The recruiter then referred him to a second recruiter at a different location in Brooklyn (Bay Ridge), to whom he went several days later. The second recruiter also mentioned a six-year active duty enlistment and suggested that petitioner take a test to see if he would be eligible for a training program which would give him a year to a year and a half of schooling and working on the latest IBM equipment. The recruiter mentioned that the school was in California. No mention was made of where petitioner would be assigned after school. Petitioner agreed and took a five and a half hour test which was graded immediately thereafter.

 Petitioner was informed that he had done well on the examination and was therefore eligible for whatever program he wanted. He requested "computer school", having had a previous interest in that field, and was under the impression when he left the recruiter that it was settled that he had enlisted for six years of active duty and would, in return for the extra two years of active duty, be sent to "computer school." No contracts were signed at that time.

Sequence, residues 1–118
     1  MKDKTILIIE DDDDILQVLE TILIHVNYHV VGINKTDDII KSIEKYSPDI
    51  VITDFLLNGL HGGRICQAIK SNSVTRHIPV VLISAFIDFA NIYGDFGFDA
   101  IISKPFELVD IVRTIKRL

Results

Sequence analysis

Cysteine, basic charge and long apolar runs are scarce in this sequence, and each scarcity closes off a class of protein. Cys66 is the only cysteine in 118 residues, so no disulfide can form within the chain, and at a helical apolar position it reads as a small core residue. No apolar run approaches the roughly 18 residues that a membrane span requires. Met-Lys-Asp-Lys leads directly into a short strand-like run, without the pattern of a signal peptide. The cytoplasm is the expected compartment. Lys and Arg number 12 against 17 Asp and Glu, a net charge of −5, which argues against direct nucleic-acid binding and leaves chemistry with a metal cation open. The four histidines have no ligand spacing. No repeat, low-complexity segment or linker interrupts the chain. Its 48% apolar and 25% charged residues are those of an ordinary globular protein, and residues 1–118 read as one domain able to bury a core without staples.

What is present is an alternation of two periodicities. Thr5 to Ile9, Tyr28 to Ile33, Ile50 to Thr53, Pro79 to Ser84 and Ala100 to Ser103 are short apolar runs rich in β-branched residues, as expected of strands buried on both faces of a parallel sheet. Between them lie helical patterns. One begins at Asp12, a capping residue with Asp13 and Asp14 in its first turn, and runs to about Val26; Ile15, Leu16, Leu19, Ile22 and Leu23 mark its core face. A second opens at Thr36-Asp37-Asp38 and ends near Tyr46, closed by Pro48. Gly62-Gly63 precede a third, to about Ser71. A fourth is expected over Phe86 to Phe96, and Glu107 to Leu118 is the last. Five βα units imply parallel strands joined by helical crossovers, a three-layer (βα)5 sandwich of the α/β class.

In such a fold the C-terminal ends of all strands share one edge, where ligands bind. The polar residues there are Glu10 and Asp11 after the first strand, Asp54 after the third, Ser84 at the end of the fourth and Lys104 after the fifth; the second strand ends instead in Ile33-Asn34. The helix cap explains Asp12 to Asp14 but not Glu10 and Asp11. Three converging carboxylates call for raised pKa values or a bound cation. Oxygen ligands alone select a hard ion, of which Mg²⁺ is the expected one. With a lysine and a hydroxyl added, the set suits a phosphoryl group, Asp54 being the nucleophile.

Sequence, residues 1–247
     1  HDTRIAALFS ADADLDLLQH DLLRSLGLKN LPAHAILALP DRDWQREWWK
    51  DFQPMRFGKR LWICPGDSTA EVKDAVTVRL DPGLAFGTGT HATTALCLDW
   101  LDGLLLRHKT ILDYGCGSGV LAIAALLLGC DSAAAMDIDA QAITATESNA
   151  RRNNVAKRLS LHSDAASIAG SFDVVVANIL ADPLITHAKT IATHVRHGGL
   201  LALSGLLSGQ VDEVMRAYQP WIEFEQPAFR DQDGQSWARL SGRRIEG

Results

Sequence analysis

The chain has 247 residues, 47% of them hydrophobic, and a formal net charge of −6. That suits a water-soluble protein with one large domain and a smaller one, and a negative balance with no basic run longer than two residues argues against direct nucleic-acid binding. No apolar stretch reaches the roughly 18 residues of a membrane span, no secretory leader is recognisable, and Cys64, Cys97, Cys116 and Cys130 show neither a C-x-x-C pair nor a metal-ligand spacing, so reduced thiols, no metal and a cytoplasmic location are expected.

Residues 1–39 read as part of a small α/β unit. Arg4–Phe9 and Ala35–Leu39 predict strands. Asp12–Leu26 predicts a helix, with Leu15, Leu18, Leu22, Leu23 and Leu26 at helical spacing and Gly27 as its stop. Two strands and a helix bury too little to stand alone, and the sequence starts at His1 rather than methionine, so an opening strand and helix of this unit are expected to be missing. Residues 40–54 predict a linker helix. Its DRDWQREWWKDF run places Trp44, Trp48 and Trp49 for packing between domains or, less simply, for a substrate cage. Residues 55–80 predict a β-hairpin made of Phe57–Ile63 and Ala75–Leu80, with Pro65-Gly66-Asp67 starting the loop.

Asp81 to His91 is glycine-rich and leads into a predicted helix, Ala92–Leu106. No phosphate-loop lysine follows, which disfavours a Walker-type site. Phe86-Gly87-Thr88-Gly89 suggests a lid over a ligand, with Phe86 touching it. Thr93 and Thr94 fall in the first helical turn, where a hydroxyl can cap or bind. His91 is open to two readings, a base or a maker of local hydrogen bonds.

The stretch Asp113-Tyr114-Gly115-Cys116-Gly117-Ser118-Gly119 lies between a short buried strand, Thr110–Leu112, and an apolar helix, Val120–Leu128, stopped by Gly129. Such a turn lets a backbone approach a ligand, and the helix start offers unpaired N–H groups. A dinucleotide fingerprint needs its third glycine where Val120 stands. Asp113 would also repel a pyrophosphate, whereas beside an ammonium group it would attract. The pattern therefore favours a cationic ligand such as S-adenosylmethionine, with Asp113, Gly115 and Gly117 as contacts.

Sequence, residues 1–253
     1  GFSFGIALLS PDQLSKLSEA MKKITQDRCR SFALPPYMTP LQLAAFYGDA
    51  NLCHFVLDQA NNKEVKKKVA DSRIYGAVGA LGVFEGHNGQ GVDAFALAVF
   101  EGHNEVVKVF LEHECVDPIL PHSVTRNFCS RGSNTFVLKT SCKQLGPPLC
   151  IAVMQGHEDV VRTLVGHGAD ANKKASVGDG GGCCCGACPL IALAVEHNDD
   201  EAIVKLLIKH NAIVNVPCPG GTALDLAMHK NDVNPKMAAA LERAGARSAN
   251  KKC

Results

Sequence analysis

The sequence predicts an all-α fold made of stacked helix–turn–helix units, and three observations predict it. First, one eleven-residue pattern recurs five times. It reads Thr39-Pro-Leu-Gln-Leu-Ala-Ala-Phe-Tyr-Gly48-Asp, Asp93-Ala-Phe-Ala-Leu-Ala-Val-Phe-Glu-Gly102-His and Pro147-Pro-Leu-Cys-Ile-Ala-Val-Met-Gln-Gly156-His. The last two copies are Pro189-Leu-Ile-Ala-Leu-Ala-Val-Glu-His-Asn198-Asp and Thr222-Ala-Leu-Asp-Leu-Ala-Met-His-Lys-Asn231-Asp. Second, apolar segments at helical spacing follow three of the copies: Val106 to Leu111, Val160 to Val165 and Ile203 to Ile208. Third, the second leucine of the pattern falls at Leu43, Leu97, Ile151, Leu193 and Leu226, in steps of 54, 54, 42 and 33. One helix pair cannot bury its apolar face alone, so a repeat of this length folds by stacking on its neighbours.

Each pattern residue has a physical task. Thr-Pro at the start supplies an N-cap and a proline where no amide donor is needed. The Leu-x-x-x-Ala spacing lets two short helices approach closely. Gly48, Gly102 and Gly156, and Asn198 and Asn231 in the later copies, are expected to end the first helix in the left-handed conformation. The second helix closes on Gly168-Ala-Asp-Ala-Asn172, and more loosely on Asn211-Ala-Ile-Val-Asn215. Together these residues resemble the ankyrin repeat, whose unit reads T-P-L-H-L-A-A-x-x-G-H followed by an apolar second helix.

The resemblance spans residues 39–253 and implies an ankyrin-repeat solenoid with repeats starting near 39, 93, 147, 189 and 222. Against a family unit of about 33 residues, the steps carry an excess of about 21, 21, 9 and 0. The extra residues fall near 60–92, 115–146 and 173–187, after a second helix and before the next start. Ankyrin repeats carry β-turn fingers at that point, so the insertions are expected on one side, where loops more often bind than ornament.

On January 26, 1971, petitioner went to Fort Hamilton in Brooklyn, had his pre-induction physical and signed a prepared contract. Before signing the contract, petitioner began to read it and noticed that it provided for only a four-year active duty commitment instead of the six-year program which he understood he had agreed to. He pointed out the discrepancy to the Navy official at whose desk he was reading the contract. The Navy official then made a telephone call to an unidentified person, spoke to that person for a while and then gave the phone to petitioner. The man on the other end of the line told petitioner that there had been a mistake but that he should sign the four-year contract so that he could be shipped out to boot camp that day and he, in turn, would send out an explanatory letter correcting the error. Petitioner then signed the contract and was shipped out to boot camp in Great Lakes, Illinois.